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Urban design

City of Gold Coast is committed to combining quality urban design with measures to protect and enhance our magnificent natural environment.

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2009 Urban Design winners

Gold Coast Urban Design Awards 2009

The Urban Design Awards are presented to recognise outstanding design, liveability and sustainability within the City.

For further information on past winners please click on the headings below.

Sue Robbins Award for Urban Design Excellence

Bond University's Mirvac School of Sustainable Development
Submitted by: Bond University

Photo of School of Sustainable Development

Bond University's Mirvac School of Sustainable Development building is the first in Australia to achieve a Six Star Green Star Education Pilot Certified Rating for Design, awarded by the Green Building Council of Australia. The building embraces world's best practice in sustainable design, and includes an interactive 'Living Laboratory' for engagement with the broader community regarding sustainable development.

Jury comment:

The Sue Robbins Award was introduced in 2005, again after the untimely death of Council's former Chair of City Planning South and urban design advocate, Sue Robbins. Previously known as the Gold Award, this award recognises the highest standards of urban design among all projects.

After careful consideration, the judges' decision is that the project worthy of recognition is one which displays both innovation and excellence - a project that considers its daily users and its wider context and role, and one which delivers a vital message for the future.

'Innovative exemplar, on a large scale'

Helen Josephson Award for Innovation in Urban Design

Helen Josephson Award co-winner

The Highlands and the Old Dairy, The Ecovillage
Submitted by: Landmatters and degenhartSHEDD Architects

Photo of The Highlands & The Old Dairy – The Ecovillage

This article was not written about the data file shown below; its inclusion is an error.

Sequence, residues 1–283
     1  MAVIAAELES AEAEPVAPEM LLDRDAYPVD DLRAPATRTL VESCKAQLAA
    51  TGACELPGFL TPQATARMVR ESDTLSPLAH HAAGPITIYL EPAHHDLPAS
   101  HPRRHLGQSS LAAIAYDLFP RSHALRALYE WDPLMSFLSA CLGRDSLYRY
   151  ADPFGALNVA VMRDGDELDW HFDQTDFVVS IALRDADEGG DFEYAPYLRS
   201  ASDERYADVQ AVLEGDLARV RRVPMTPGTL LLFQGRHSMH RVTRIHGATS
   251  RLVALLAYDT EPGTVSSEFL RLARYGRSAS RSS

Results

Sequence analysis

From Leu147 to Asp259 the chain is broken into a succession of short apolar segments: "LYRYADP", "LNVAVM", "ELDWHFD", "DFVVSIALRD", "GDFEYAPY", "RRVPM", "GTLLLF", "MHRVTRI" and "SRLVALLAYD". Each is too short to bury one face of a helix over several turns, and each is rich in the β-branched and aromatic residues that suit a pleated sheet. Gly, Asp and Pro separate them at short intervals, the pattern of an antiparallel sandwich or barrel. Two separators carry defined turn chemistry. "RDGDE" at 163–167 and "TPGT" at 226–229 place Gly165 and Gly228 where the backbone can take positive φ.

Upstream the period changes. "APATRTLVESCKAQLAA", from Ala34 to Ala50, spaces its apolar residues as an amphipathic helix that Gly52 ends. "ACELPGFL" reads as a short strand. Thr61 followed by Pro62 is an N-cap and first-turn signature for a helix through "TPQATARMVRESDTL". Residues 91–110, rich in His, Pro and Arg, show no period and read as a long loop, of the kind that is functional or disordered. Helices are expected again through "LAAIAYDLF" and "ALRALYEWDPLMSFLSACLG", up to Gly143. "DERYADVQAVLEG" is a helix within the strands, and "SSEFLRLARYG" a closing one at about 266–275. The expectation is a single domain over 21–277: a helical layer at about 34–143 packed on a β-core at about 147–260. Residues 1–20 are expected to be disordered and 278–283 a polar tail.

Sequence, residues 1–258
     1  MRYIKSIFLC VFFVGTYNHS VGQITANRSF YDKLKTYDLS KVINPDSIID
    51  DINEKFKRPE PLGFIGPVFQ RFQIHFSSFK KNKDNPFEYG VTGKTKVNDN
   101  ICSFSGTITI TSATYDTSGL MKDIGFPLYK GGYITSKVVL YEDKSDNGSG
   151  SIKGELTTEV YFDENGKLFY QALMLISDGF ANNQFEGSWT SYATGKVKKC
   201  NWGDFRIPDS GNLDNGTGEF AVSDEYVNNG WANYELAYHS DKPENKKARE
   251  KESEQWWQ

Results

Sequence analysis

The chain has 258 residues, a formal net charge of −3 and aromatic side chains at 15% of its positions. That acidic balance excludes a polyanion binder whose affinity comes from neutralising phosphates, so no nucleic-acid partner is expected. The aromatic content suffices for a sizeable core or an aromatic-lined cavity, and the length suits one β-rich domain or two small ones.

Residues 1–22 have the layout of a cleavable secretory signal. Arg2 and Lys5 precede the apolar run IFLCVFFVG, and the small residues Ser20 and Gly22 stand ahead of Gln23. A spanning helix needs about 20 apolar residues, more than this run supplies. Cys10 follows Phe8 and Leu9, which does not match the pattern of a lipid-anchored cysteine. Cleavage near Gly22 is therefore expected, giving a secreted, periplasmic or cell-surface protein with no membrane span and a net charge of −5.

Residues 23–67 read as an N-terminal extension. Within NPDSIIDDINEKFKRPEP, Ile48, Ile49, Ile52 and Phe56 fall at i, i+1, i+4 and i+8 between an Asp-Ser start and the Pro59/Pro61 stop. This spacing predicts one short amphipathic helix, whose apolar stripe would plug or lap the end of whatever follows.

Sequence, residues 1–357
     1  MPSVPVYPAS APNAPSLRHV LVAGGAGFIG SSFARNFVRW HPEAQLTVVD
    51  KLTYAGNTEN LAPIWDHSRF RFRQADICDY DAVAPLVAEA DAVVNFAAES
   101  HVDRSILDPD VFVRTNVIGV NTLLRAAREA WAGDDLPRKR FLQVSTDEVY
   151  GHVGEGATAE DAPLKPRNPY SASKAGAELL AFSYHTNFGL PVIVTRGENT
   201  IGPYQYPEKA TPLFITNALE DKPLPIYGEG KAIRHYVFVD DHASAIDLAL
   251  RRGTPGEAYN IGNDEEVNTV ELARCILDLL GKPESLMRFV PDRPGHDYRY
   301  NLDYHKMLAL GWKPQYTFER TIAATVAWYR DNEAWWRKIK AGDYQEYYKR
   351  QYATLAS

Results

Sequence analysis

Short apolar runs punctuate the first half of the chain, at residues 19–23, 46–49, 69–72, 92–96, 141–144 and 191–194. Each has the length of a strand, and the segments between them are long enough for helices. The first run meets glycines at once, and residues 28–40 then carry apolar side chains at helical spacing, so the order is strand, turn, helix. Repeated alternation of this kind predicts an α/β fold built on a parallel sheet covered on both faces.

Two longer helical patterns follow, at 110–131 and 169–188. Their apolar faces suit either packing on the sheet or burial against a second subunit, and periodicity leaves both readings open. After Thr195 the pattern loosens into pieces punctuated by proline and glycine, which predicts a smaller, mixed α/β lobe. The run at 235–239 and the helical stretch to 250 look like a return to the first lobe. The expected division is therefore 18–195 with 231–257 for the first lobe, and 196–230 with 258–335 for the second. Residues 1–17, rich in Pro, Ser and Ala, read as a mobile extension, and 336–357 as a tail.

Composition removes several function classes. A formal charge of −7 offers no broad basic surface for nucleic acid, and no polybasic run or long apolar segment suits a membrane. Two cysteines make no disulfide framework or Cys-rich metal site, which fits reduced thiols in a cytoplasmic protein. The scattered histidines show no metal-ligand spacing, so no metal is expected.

The Highlands at Currumbin is an innovative, highly sustainable residential development located in the vibrant city of the Gold Coast. This $18 million project, which showcases world's best practice design in ecologically sustainable development, follows 12 years of global research and collaborative effort with industry, community and Government.

Jury Chairperson's comment:

The Helen Josephson Trophy for Innovation in Urban Design acknowledges innovation in urban design - a project or place that becomes an exemplar for others - something that lifts urban design in this city and sets an example for the future. I class this award as one of the most prestigious available.

And so I have taken the liberty afforded to me as Chief Judge to award this project the very real, and very prestigious honour of the Helen Josephson Trophy.

So... to the project which I believe embodies all the principles, we as a jury agreed were the most important - community, sustainability, responsibility, exemplar design - by displaying a superb use of art, design, community engagement, ecology, connectivity, adaptability and safety.

To the project which showcases world's best practice. To the project which is a benchmark for the future.

'Art, design, community engagement,
ecology, connectivity, adaptability, safety...
...a benchmark for the future'


Helen Josephson Award co-winner

Kirra Hill School site

Jury Chairperson's comment:

The second project to be honoured this year acknowledges the importance of cooperation.

The past, they say, is prologue.

That certainly is the case for this recipient.

  • The recipient is a built project which embraces our heritage.
  • It is a project which responds to community need.
  • A project that celebrates our youth, our culture and our magnificent environment.
  • One which acknowledges the value of community
  • and one which advocates for cooperation.

It tells a story that begins back in 1920 with the construction of a modest schoolhouse. It was a school which brought a community together and helped create a sense of identity for an evolving town.

Over the next 50 years, this school grew. The children of holiday-makers and even some from country properties swelled numbers at certain times of the year. More classrooms were added. By the 1950s, it was obvious that new school grounds would be needed to accommodate growth, and in 1977, all 270 students and staff moved.

But what to do with the existing site? In 1978, it became home to a Special and Further Education Centre, providing teaching for children with special needs. Again, modifications continued, but the Special School also outgrew its location and new facilities were needed. In mid-2006, the children and teachers moved to their new, purpose-built school.

Once again the future of the school site was questioned. Community concern escalated. They feared the site would be sold for development, its association with the community severed and its heritage values lost.

An action group was formed, urging the Government to protect the site.

Then Education Minister, Anna Bligh, told one local newspaper that in her four years as a minister, the future of this site had generated more public feeling than any other local issue.